Star Trek: Phoenix is a very ambitious project. Set after the destruction of the Romulus, as described in the recent Star Trek reboot, Phoenix attempts to tell a rather unique story within the Trek universe. Where the Federation has always been a model of efficiency, this series shows Star Fleet as a bureaucratic agency subject to the whims of politicians. Phoenix runs into trouble when it attempts to shape that framework to suit a visual effects heavy story more in line with traditional Trek. The cerebral elements of the story end up as little more than narrative info dumps meant to bring an average Trek fan up to speed on the events of this series.

While the acting and dialogue occasionally border on cheese, the costuming, location shots, and special effects are quite impressive. If the production team does manage to make more, I’ll certainly watch them. However, I fear that they will never manage huge crowd sourcing goals telling a Trek story that is so far removed from the established canon.

Dead Patrol


Director/Series Creator: Jason Tisch

Number of episodes: 3

Status: Either dead or shambling through a one episode per year production schedule

Date of release: Feb 2008

If this series teaches would-be producers anything, it’s that there is a difference between real darkness and television darkness. Television darkness is mood lighting paired with the strategic use of shadow. Actual darkness is what happens when a person turns off all the lights, and unfortunately too much of this series is shot in said condition.

The concept, however, is great: a zombie apocalypse story where the military isn’t out to rape and pillage at the expense of the survivors. It’s the execution that really does this series in. Well, that and the painful continuity mistakes. I suppose I was also a bit put off by the shameless attempt to convince the audience that the surviving soldiers are driving a Lamborghini, rather than a Ford Focus that has been (badly) CG’d to look like a Lamborghini.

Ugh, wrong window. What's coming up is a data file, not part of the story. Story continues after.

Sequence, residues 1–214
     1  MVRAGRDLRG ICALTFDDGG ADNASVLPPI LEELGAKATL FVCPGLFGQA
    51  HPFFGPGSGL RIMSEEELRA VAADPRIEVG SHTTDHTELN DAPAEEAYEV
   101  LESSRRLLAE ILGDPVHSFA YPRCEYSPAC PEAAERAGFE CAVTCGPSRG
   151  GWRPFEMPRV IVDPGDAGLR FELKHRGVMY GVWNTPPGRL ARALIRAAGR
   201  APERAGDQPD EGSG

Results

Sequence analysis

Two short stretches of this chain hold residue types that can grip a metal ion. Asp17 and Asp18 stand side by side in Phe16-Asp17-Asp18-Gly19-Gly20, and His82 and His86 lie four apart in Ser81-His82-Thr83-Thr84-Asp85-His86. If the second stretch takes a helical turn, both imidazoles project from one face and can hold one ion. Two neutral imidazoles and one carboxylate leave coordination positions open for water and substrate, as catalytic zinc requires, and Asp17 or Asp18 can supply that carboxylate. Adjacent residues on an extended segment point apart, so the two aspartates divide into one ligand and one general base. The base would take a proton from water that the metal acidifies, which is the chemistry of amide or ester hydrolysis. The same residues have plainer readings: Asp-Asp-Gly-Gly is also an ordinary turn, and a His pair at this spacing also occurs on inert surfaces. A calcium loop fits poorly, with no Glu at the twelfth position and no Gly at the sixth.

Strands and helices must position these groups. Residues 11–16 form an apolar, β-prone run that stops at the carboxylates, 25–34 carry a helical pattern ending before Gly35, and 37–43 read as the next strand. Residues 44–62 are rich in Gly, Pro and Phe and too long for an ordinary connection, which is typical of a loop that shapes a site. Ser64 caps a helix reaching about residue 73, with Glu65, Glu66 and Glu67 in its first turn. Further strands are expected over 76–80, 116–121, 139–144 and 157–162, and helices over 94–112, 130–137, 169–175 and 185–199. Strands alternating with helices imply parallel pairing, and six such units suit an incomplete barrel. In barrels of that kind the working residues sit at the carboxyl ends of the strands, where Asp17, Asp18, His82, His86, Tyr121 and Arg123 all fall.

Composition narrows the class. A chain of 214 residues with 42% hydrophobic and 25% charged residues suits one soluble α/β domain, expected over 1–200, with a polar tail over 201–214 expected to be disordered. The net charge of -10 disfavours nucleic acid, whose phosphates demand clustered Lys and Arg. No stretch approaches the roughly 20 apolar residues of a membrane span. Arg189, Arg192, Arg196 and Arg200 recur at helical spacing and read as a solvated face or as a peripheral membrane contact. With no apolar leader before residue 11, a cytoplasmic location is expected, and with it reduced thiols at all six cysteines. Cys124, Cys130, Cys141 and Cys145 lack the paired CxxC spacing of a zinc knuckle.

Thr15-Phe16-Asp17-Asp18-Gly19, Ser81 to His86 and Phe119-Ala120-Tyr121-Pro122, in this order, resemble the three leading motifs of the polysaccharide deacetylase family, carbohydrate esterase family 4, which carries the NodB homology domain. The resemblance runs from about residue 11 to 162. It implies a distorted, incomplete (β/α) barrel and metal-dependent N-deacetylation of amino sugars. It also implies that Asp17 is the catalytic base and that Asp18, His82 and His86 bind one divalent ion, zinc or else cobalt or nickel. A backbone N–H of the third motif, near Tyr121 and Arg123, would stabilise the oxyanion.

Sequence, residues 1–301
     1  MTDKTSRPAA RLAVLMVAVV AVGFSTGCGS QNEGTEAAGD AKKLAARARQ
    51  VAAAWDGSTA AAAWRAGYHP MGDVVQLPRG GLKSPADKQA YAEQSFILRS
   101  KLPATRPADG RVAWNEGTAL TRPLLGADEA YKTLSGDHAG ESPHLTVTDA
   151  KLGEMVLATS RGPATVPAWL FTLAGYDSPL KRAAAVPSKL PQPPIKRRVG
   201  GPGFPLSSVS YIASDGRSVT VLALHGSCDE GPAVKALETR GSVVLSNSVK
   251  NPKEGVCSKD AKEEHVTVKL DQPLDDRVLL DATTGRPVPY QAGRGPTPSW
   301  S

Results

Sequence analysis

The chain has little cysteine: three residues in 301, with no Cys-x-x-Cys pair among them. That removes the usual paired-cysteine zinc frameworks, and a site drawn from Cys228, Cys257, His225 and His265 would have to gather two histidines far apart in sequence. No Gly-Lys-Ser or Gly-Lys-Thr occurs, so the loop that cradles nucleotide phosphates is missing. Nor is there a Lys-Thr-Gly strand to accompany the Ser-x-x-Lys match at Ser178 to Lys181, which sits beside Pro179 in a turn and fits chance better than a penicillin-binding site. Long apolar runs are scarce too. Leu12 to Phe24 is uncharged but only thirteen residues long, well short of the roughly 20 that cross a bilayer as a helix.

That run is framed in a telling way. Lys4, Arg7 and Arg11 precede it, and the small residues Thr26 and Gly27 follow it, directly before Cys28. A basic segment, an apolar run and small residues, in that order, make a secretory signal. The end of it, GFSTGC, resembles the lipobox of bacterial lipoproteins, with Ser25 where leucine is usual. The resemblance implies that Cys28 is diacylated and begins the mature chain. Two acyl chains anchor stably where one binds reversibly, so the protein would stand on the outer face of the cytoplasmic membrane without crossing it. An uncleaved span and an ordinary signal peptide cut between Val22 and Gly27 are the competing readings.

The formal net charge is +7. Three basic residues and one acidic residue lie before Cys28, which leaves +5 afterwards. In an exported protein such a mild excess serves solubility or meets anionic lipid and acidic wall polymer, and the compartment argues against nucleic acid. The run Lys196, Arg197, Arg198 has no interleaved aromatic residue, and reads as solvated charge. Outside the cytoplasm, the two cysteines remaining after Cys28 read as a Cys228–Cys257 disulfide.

Halo: Hell Jumper

Written and Directed by Dan Wang

Number of episodes: 2

Status: Recently failed to meet a $65,000 fundraising goal for future episodes. Future unknown.

Date of release: January 2012

The props are amazing. The special effects are impressive. The costumes appear to be made by professionals. The story is maudlin, bordering on silly.

Hell Jumper literally tells the tale of an Orbital Shock Drop Trooper from the Halo-verse. I say literally because Gage, the series’ protagonist, tells the events of the series as a sequence of flashbacks while he is bleeding out on the battlefield. I say maudlin bordering on silly because at one point during his narration, Gage says that he “…can’t remember what he’s fighting for.” Forgive me for being blunt, but it’s Halo. You’re fighting to save humanity from the aliens. The concepts that drive this franchise aren’t known for being subtle.

The series’ two episodes show why Gage joins the UNSC military, how he gets tapped for the elite ODST detail, and chronicle his first taste of action against the Covenant. Yet, there’s nothing that really made me care about this character or the story. Perhaps because Halo is ten years old and I’ve filled in game’s narrative gaps on my own.

Make no mistake, the mood is convincing enough to make me want to like the story. Similarly, I want to care about Gage and his cohorts. Instead I find myself paying more attention things like run-and-gun military tactics that even a video game warrior like myself would never use in combat. The lesson here: if you’re going to go to the trouble of making a FX heavy war story, get somebody who knows a little bit about infantry tactics to consult. Or at least watch a few classic war movies.